US, 23 April, 2024 Sam Bankman-Fried, the founder of FTX, has initiated an appeal against his conviction and imposing 25-year prison term for allegedly siphoning off billions of dollars from clients of his now-defunct cryptocurrency platform.

Bankman-Fried, once hailed as a cryptocurrency luminary, faced a reckoning in November, being found guilty on seven counts of fraud and conspiracy, marking one of the most substantial financial scandals in US annals.

At the zenith of his career, the 32-year-old entrepreneur graced magazine covers and engaged with legislators, epitomizing the cryptocurrency frenzy. However, the precipitous downfall of FTX in 2022, accompanied by a torrent of customer withdrawals, tarnished his image irreparably.

During his sentencing hearing on March 28, Bankman-Fried’s attorney, Marc Mukasey, declared his intent to contest both the verdict and the severe sentence.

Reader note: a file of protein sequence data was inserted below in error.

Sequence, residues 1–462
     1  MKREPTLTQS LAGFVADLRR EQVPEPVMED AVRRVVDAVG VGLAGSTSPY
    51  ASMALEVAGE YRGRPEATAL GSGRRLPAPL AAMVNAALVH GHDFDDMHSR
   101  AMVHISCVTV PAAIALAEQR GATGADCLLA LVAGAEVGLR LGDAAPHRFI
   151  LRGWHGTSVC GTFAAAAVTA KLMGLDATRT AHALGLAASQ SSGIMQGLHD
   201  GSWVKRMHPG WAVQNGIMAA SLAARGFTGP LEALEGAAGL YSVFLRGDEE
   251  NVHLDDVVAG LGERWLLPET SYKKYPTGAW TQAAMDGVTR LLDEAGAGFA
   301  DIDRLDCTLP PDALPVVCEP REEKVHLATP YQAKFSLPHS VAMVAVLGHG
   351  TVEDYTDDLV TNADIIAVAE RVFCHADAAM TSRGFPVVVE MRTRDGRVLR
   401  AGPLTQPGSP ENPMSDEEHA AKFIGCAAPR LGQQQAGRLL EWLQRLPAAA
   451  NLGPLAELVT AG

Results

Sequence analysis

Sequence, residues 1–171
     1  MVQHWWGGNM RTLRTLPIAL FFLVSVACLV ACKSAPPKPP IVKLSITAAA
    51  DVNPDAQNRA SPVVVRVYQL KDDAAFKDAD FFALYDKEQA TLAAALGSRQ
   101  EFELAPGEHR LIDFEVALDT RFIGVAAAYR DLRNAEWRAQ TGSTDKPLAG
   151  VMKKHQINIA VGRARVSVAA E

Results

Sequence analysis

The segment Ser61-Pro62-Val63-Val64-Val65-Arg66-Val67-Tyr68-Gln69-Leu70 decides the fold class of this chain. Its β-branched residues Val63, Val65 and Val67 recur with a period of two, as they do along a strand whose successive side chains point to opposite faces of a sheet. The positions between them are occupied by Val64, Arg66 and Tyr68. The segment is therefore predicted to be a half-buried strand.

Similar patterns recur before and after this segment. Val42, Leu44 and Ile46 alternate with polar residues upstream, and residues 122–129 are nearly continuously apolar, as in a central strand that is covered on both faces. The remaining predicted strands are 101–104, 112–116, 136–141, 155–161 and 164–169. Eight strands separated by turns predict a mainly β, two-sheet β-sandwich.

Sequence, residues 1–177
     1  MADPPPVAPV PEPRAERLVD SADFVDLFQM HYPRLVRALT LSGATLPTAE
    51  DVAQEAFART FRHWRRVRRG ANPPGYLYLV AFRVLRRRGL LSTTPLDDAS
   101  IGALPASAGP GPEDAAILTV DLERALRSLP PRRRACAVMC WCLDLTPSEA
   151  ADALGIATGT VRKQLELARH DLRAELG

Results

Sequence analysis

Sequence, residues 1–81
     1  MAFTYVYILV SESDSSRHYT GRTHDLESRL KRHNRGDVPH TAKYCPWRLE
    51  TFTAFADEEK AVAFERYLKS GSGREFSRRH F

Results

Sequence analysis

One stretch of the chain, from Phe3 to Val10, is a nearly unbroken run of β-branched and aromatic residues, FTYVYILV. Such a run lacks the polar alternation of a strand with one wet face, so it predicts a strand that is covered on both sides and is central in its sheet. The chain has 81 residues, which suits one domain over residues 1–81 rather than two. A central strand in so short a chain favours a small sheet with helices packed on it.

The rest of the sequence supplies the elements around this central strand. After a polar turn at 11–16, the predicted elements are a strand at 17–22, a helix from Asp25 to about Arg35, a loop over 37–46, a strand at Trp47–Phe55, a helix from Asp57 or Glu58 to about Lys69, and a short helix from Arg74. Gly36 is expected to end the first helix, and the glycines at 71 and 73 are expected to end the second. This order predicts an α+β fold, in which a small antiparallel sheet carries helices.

Expressing contrition for his role in the FTX debacle, Bankman-Fried admitted remorse, acknowledging the ramifications of his actions. Despite his remorse, US District Court Judge Lewis Kaplan remained unconvinced, emphasizing Bankman-Fried’s failure to exhibit genuine contrition and accountability, raising concerns about future misconduct.

While prosecutors advocated for a 40-50 year prison term, Bankman-Fried’s defense team urged for a more lenient six-year sentence, citing mitigating factors.

Bankman-Fried’s appeal faces a protracted legal battle, necessitating the demonstration of substantial errors by Judge Kaplan during the trial that infringed upon his legal rights. However, prevailing against lower court decisions in US federal courts remains a formidable challenge, with criminal defendants securing appellate victories in fewer than 10 percent of cases.